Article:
9. The biggest problem I have with this project isn’t the director or cast or even the fact that in general comic based movies usually suck( especially the works of Moore). What really bothers me is that what makes this book such a great comic is that it’s the type of story that ONLY works as a comic. Whenever people ask me why I love comics so much I always cite the issue with Dr. Manhattan on Mars. Comics is the only medium that that story would really work. With all the jumps through time, the scene would be disjunctive in a movie, and lose all impact in prose.

    What really confuses me about the desire to make this movie is the motivation. A while back I heard Snyder on Adam Carolla and he claimed that he was working on a movie based on the “mack daddy” of comics. Watchmen isn’t considered the “mack daddy” because it’s a great story(and don’t get me wrong, it is) but because it was the perfect melding of a writer and artist, pushing the medium to new heights and changing everything that came after it. That doesn’t seem like a good reason to make a movie to me…

  10. “With all the jumps through time, the scene would be disjunctive in a movie, and lose all impact in prose.”

    Hm, I think the Fellini film “8 1/2”, and the Faulkner novel “The Sound and the Fury”(…hell..why not just drop the real bomb and say Joyce’s “Ulysses”) shoot that argument to hell. Trust me, read all those novel and watch all those films that you would normally consider “pretentious” and you’ll find perfect analogues to the Dr. Manhattan on Mars sequence that work quite well.

    Although I do agree with you, that its a comic meant to be a comic. I think it has more to do with its self-reflexive nature though.

  11. I agree an HBO-mini-series a la “Rome” so that Moore’s characters and story had room to breathe would be better; in fact, many comic properties would be much better served as a TV series rather than trying to squeeze so much into 90-160 minutes, as is so often the case. In fact, the serialized storytelling of comic stories almost makes this the obvious and logical course.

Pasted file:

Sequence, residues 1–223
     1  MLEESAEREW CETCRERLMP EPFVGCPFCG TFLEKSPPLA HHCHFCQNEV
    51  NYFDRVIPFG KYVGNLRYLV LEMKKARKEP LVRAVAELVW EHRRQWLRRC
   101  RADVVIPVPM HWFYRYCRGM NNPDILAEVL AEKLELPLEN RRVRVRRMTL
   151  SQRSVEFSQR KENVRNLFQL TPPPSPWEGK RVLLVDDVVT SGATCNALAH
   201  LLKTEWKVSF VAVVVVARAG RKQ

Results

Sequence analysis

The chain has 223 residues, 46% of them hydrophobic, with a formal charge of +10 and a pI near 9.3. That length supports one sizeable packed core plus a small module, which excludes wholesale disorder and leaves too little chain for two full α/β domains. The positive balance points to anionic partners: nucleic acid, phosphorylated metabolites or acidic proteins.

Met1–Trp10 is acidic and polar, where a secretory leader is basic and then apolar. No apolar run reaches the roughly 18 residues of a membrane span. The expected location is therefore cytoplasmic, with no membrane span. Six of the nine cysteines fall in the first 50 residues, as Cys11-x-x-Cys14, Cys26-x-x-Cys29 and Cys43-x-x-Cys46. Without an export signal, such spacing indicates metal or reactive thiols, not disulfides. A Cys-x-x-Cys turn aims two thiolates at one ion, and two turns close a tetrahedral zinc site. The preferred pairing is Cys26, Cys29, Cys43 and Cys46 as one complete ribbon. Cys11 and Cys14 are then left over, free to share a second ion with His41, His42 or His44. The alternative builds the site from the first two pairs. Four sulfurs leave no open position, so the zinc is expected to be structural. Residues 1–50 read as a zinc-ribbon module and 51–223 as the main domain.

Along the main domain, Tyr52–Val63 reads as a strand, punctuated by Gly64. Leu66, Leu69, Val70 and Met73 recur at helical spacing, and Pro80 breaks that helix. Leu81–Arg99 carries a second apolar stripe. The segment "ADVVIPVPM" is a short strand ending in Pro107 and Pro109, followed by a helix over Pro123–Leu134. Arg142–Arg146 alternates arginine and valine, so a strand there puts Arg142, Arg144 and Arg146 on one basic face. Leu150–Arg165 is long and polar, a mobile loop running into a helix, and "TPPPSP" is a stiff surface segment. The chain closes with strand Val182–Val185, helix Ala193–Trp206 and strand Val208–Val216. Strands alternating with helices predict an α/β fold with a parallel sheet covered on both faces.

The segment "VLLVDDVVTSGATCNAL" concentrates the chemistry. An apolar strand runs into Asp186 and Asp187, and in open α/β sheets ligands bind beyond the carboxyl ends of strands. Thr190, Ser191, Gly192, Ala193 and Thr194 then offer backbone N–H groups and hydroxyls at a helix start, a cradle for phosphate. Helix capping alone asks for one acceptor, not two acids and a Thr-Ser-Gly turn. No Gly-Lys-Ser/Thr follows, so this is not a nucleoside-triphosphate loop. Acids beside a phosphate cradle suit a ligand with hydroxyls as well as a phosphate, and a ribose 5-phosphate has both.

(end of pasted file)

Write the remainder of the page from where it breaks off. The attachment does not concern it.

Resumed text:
BUT – As Conor notes,
    “They tried that, but HBO passed on it.”

    I resist the temptation that studio executives operate as a “Hollywood Hive Mind” (which is really just people making decisions based on what they’ve been told to think rather than logic), but the HBO decision really dissapoints me. Such a logical course of action (TV series), such an illogical choice (to pass on a TV series).

    I’m with most everyone here — “Hope for the best, expect the worst.” What I think the film producers risk is this – Ghost Rider or Spider-Man 3 can be pretty mediocre and still the average, non comics fan will buy tickets. Watchman? This is an entirely open question, and the producers could in fact be taking a very big risk.

    If it does not have action packed car chases and big fights and explosions, as it should not, the average movie goer might not buy tickets, and Watchman fans could still be dissapointed. If it stays fairly true to the original, Watchman fans will go grudgingly, but the “Ghost Rider” ticket buyers will stay away. Very risky movie venture, actually…. the human element in the story, and the thematic element is there to attract the average movie goer, but as people here all say, there is so much, where to fit it all in?

    Again, very risky proposition from the studio’s point of view, assuming they know what they are getting into to… (which I somehow doubt…)

  12. What really confuses me about the desire to make this movie is the motivation.

    Money. Prestige. Pretty much the only reasons movies are made.

  13. An excellent point, but it goes back to mine – if they produce something that lacks prestige, doesn’t make money — where are they? That’s the risk, and the amount of money spent on movies ensures risk is always the big factor.

  14. HBO is like the great pie in the sky for comic properties, but the fact is, it’s never happened yet. The best we have is early development on a Preacher series that I, personally don’t think will ever actually happen. And given the producer’s record, I’m totally OK with that. Mark Steven Johnson is like the Anti-Snyder.

    Also, a great deal of the excellent shows on HBO die an early death. The successful series on HBO (the Sopranos, Sex and the City, Six Feet Under) had broad appeal, where many other fantastic programs failed to gain an audience (Rome, John from Cincinnati, Deadwood). Maybe you could count the Spawn animated series, but I think HBO has passed those days.